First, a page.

Tom Steyer must be lonely on that debate stage being the only one with a net worth well north of a billion dollars so he’s bringing some friends along. In response to what he sees as an “unprepared” field to defeat President Trump, former New York City mayor Michael Bloomberg is reportedly preparing to launch a presidential run and actively join the 2020 Democratic primary.

Reports indicate that Bloomberg hasn’t officially made up his mind yet, but he is actively taking steps that indicate he is much closer to launching a campaign than deferring at this point:

Mike Bloomberg, the billionaire former mayor of New York, is preparing to enter the Democratic presidential primary, according to NBC News, which cited a Bloomberg advisor.

The move didn’t necessarily mean Bloomberg, 77, was announcing a campaign, a source close to Bloomberg told NBC News. Rather, this source said, he’s doing this to keep his options open. Bloomberg is “troubled” by what he has seen in the Democratic field, the source added.

“He’s still not sure,” a source told CNBC. This source also said these are “unprecedented times” and that Bloomberg is concerned about what he’s seeing both from Democrats and President Donald Trump.

The big question: Why? Why would Bloomberg see a massive field of Democratic candidates and believe to himself that he is the missing option voters are craving?

According to a statement released by an advisor, Bloomberg “is increasingly concerned that the current field of candidates is not well positioned to” defeat President Trump.

Bloomberg’s story is so similar to his billionaire counterpart in the race, Tom Steyer, that it’s unclear why there is a need for another “outsider” wealthy candidate in the campaign. Bloomberg would be entering a primary which is filled with popular candidates bent on waging class warfare against the ultra-wealthy.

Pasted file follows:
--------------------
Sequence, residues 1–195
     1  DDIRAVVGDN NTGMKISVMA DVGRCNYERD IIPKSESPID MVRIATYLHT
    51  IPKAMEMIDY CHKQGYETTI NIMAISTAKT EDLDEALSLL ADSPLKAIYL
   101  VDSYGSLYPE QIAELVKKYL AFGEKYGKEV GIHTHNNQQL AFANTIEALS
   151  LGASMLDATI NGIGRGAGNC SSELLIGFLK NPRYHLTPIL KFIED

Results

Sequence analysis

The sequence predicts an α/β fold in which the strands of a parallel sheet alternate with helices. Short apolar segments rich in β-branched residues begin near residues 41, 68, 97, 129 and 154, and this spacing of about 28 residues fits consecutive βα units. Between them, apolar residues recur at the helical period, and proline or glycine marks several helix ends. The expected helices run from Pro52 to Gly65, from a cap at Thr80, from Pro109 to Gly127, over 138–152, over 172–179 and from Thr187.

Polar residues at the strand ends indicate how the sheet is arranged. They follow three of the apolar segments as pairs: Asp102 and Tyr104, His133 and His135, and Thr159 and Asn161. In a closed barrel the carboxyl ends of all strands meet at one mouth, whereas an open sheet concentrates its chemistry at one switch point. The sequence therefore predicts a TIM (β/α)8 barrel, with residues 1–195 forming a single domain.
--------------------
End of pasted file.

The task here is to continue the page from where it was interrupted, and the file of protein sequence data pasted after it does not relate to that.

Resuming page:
Some conservative groups aren’t taking the news lightly considering Bloomberg’s deep pockets and his pet project of gun control:

Perhaps the National Rifle Association firing a warning shot (forgive me) toward Bloomberg’s candidacy gives him a feather in his cap despite his wealth being a hindrance in a progressive field. He couldn’t have written a tweet any better as “proof” that he and he alone scares groups like the NRA, a frequent target for Democrats in a quest to enact stricter gun laws.

Bloomberg has another problem, though, beyond his wealth. He used to be a Republican:

Bloomberg had been a registered Republican and independent, as well as a Democrat. He re-registered as a Democrat a month before the party took back the House of Representatives in the 2018 midterms.

The New York Times reported Thursday, citing people briefed on the plans, that Bloomberg was working on entering at least one Democratic presidential primary and potentially the overall race for the chance to take on Trump, 73, in 2020.

His politics in recent years bend very liberal, though his “pragmatic” business-like approach still remains, and won’t sit well with progressives in the base of the party looking for a candidate to push the envelope like Bernie Sanders or Elizabeth warren. Furthermore, would Democrats trust him given his prior affiliations? Bloomberg is much more closely align with Joe Biden in terms of his approach, though maybe sits further left on some issues.

Speaking of Warren and Sanders, both campaigns took notice:

Bernie’s campaign, via a spokesman, said, “More billionaires seeking more political power surely isn’t the change America needs.”

There’s still a good chance that Bloomberg passes, but it seems like he’s getting his toe pretty deep in the water. With deadlines coming up for candidates to be on the primary ballot next year, specifically for some Super Tuesday states, his time is running short:

One advisor told the Times that Bloomberg had not made a decision, but he has sent aides to Alabama, which has a Friday deadline for candidates to enter the race.

Along with California and Texas, Alabama is one of the states scheduled to vote on the pivotal “Super Tuesday” primary day March 3 next year. The Iowa and Nevada caucuses and the New Hampshire and South Carolina primaries are scheduled for February.

Bloomberg’s immediate disadvantage will manifest itself by his absence from the debate stage. He won’t be on stage for November or December but might make one early next year if he sticks around and somehow gains some traction.

He’ll be able to make up for his debate shortcomings, to an extent, by using his personal fortune to run ads and let voters know he’s running.

That strategy worked for Steyer, why can’t it work for Bloomberg?